KPMG names new partner-in-charge of university talent acquisition

Accounting

Big Four accounting firm KPMG LLP nominated Derek Thomas as national partner-in-charge of the firm’s university talent acquisition.

Thomas joined the firm in 2000 as a senior associate before working for KPMG’s federal audit practice three years later. Eager to expose himself to a different field and using his experience as a lead recruiter for Howard University, Thomas started giving presentations on campuses and participating in meet-and-greets to bring new talents to the firm. 

“I am very enthusiastic and excited about the opportunity,” said Thomas. “I’ve really appreciated being involved in campus recruiting over the years of my career and I feel pretty humbled and privileged to be able to take on such a role.”

KPMG logo on wall
The offices of KPMG in Chicago

TANNEN MAURY`/BLOOMBERG NEWS

The goal of KPMG’s university talent acquisition program is to identify, attract and bring new talent for the firm’s advisory audit and tax units. Under the leadership of James Powell, who is Thomas’ predecessor, UTA managed to increase the number of full-time campus hires by 51%, along with the number of applications for KPMG Embark Scholars Program, which provides opportunities for students from underrepresented backgrounds. Thomas praised Powell’s contribution to the company and shared his intention to pursue the firm’s Accelerate 2025 program, which aims at increasing diversity and inclusion within KPMG.

“I think that trying to bring in diverse talent and creating a place of inclusiveness is of utmost importance,” said Thomas. “That’s why I’ve been so heavily involved in the African ancestry business resource group and our audit DEI council, because we’re looking for ways to enhance our ability to not only bring diverse individuals to our profession, but also to retain them and help them advance throughout our organization.”

When it comes to the firm, Thomas said that KPMG was looking for hard-working individuals who know how to be part of a team, but mostly who know how to think outside the box. To confront the variety of challenges that come with the profession and come up with the most creative solutions, Thomas believes that having a diversity of thoughts and background is essential to provide high-quality services to clients. 

“I think that the greatest selling point for us as a firm is our people, and I think that when we get them to interact with the students, they recognize the family environment that we have,” said Thomas. “When people get to interact with our professionals, they see what a great culture we have at KPMG, and that it’s a place where folks can thrive.”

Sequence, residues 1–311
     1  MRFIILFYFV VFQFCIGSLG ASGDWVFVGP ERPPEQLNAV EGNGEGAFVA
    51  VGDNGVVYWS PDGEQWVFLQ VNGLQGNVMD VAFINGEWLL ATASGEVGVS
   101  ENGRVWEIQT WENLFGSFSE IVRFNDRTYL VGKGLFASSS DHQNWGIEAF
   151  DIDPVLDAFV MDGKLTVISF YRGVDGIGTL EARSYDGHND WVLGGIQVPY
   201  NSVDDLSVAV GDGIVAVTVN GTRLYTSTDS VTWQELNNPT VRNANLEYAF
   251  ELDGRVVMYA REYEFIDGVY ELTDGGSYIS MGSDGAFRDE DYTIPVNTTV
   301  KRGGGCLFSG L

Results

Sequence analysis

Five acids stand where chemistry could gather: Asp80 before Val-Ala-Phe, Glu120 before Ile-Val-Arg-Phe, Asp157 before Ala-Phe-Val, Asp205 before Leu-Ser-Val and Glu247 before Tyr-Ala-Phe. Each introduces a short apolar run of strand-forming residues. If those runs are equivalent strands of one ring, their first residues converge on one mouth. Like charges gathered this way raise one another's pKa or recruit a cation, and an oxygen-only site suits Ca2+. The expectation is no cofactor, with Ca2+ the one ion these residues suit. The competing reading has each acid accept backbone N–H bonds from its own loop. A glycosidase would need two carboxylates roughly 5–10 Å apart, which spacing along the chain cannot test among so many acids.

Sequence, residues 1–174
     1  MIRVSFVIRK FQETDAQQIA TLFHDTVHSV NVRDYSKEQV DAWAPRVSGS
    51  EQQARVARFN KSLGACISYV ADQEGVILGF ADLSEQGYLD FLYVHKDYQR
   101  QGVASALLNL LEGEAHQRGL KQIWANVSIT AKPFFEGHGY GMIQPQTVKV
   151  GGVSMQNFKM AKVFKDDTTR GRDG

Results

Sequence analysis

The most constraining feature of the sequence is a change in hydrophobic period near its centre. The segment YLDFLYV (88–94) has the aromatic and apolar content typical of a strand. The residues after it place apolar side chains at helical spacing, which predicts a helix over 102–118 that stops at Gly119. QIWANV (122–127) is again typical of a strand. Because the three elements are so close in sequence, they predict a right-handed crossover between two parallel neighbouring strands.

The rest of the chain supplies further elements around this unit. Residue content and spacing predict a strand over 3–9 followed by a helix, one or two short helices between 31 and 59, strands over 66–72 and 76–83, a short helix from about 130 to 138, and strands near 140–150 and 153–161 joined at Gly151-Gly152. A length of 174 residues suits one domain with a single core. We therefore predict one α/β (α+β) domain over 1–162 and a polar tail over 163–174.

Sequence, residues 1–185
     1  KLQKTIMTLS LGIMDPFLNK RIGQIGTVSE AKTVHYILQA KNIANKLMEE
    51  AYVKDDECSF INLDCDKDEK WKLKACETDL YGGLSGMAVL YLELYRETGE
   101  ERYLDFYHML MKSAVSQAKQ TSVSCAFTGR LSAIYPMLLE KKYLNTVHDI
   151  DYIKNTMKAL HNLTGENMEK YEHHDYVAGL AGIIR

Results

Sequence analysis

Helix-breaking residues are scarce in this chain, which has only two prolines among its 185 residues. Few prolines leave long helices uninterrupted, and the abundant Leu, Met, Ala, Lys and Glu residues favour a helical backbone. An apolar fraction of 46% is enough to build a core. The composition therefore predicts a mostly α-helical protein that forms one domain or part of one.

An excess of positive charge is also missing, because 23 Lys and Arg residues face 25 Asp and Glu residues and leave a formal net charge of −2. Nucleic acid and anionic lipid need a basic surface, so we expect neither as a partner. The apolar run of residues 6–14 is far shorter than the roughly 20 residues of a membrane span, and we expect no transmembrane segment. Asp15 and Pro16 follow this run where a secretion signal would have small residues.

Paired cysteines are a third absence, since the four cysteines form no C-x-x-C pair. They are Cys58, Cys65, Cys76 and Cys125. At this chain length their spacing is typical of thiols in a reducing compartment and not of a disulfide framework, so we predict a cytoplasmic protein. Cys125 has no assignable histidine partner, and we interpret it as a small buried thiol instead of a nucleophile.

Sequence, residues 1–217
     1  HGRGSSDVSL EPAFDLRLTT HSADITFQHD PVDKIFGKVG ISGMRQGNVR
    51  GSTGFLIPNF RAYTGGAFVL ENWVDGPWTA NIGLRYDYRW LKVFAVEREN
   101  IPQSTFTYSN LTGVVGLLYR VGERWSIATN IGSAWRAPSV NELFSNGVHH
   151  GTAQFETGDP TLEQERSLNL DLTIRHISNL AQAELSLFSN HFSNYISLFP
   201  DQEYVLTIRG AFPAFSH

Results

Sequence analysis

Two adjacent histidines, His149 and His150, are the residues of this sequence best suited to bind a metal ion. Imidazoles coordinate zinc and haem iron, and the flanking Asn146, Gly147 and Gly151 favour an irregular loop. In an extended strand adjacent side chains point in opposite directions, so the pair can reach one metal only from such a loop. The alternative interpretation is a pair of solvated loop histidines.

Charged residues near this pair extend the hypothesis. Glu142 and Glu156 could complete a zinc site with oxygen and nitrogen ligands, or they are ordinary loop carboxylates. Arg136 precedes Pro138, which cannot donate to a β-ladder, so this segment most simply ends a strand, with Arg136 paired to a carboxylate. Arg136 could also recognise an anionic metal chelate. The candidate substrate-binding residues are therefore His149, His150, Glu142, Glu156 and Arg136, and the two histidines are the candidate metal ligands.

Thomas said he was particularly excited at the idea of opening doors for young professionals and giving them an opportunity to start their career at the firm. In July, KPMG announced it would provide $7 million in scholarships to four historically Black colleges, thus expanding their funding to seven universities as part of its KPMG Master of Accounting with Data and Analytics program. The firm hires over 3,300 interns per year, and KPMG was selected as the best internship program in 2018. 

“We’re recognizing that in order to expand that pipeline for students coming into accounting, we need to start reaching them at an earlier stage in their educational careers,” said Thomas. “We need to actually start reaching out to folks in high school to make sure they understand what accounting is about, so that we can continue to try to drive a diverse and talented pipeline that’ll be available for the future.”

A member of the American Institute of CPAs, Thomas is a licensed CPA in Virginia and the District of Columbia, as well as a Certified Government Financial Manager and Certified Information Systems Auditor. 

Products You May Like

Articles You May Like

Focusing on Wealth Inequality Is Counterproductive
Top Stock Picks for Week of October 3, 2022
‘Billions of dollars get left behind’: The 401(k) industry now has a ‘lost and found’ for your old retirement accounts
These are the best ways to give to charity for the ‘vast majority of people.’ Here’s how to pick the most tax-efficient strategy
The Fed is going to cause ‘unbelievable calamities’ if they keep hiking, according to Barry Sternlicht

Leave a Reply

Your email address will not be published.